“Phone and text message interventions offer a promising, inexpensive platform to increase access to care for adolescent patients with depression and ASD and give providers a method to track symptoms and behaviors with unprecedented temporal resolution,” the team concluded. “We envision EpxDepression and EpxAutism as stepping stones toward replacing traditional behavioral tracking, which is often limited by access and is biased by retrospective completion.”
Smartphone messaging improves health behaviors for low-income children
Researchers from the University of California Los Angeles utilized STVM (short text or voice message) interventions to increase physical activity, goal setting, self-monitoring, and familial support for low-income diabetes patients.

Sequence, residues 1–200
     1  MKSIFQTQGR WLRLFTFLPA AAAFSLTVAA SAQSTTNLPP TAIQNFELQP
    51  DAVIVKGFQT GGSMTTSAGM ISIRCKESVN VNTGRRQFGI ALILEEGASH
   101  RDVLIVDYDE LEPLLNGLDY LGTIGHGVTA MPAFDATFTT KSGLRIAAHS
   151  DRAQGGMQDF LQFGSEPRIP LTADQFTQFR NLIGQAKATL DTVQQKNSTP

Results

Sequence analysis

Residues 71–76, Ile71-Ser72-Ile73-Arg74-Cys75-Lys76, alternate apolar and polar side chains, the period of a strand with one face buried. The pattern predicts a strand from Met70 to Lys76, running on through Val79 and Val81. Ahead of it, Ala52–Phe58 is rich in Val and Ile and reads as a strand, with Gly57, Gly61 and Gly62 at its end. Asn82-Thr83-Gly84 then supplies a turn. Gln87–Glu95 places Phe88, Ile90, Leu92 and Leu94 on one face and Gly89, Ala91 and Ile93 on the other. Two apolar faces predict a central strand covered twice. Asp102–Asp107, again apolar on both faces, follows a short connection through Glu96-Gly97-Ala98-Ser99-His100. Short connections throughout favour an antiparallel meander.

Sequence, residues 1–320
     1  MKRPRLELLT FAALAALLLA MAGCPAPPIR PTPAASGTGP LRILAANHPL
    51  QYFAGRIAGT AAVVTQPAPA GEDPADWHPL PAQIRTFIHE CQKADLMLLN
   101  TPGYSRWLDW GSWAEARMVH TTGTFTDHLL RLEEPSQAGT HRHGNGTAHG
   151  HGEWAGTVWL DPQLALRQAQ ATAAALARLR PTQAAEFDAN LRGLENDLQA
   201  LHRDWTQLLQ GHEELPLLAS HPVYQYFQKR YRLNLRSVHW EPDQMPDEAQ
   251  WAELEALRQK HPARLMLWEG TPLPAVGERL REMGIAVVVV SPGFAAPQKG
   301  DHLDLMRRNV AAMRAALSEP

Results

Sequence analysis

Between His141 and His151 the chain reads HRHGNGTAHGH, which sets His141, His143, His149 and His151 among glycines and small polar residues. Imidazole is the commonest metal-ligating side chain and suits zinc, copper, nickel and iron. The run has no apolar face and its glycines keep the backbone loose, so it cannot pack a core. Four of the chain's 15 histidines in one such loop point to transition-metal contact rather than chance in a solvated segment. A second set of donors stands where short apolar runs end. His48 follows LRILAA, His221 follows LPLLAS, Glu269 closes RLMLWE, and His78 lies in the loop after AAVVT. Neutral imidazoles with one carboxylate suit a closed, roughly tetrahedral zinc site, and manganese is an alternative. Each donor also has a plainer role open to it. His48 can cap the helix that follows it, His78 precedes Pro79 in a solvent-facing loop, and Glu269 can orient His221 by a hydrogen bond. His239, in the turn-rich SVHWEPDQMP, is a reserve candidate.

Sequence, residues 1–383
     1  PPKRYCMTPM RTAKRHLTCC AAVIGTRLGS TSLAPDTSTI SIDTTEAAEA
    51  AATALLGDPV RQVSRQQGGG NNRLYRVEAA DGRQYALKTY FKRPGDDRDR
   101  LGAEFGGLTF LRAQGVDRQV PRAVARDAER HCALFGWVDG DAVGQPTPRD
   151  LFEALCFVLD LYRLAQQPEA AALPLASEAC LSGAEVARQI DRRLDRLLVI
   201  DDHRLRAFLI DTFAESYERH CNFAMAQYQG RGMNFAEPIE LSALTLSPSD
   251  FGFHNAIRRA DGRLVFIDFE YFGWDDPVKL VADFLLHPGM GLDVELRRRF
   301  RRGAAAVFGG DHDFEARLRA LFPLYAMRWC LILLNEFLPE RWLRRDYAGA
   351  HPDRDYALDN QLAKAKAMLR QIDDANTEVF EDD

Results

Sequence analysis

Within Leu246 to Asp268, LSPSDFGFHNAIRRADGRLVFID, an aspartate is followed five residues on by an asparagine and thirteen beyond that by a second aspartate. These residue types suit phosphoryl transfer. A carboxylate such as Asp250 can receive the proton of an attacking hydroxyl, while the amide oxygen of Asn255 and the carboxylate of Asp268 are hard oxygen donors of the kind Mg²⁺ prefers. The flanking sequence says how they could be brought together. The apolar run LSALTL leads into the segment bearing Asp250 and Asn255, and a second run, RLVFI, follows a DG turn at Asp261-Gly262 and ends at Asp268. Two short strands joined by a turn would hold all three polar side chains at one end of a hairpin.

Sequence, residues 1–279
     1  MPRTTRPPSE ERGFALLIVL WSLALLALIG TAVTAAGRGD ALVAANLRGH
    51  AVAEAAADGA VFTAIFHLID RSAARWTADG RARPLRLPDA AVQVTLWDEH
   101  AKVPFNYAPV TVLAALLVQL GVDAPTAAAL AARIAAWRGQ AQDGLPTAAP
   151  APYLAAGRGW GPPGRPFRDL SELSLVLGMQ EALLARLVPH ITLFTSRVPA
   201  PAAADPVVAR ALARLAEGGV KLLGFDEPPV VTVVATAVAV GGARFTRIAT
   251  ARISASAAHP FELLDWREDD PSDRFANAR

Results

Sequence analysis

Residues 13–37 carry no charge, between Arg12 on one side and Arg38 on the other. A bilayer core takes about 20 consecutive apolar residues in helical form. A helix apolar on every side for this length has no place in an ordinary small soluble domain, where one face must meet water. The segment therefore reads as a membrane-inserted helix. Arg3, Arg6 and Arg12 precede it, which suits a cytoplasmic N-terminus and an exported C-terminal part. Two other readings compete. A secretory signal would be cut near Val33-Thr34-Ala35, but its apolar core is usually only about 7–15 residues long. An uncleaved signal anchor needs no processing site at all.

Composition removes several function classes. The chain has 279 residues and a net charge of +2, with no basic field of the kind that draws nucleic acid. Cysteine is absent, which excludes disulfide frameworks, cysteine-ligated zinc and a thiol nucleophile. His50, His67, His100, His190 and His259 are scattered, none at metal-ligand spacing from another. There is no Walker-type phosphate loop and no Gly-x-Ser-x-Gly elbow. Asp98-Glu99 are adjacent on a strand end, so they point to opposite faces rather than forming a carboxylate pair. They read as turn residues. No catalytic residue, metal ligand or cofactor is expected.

In a 12-week pilot, the team split 42 low-income latino diabetic patients into three control groups: one that had phone messaging, one that had social support as well as phone messaging, and a control group without SVTM. Over the 12-week period, roughly 62.7 percent of the patients that received text messages responded to behavioral prompts, and patients that received voice messages responded 30 percent of the time.
The final results indicated that all patients improved their physical activity after six weeks, but only the patients with the STVM were able to continue improvement through the total 12 weeks. STVM interventions also made patients feel like their family and social support systems were involved with their behavior change. STVM for these patients encouraged and facilitated critical self-care behaviors in which diabetic patients should take part.
Since the patients found the use of guidance and monitoring useful, the researchers concluded that STVM interventions like the one used in study can be adjusted for effective diabetes treatment, regardless of socioeconomic barriers.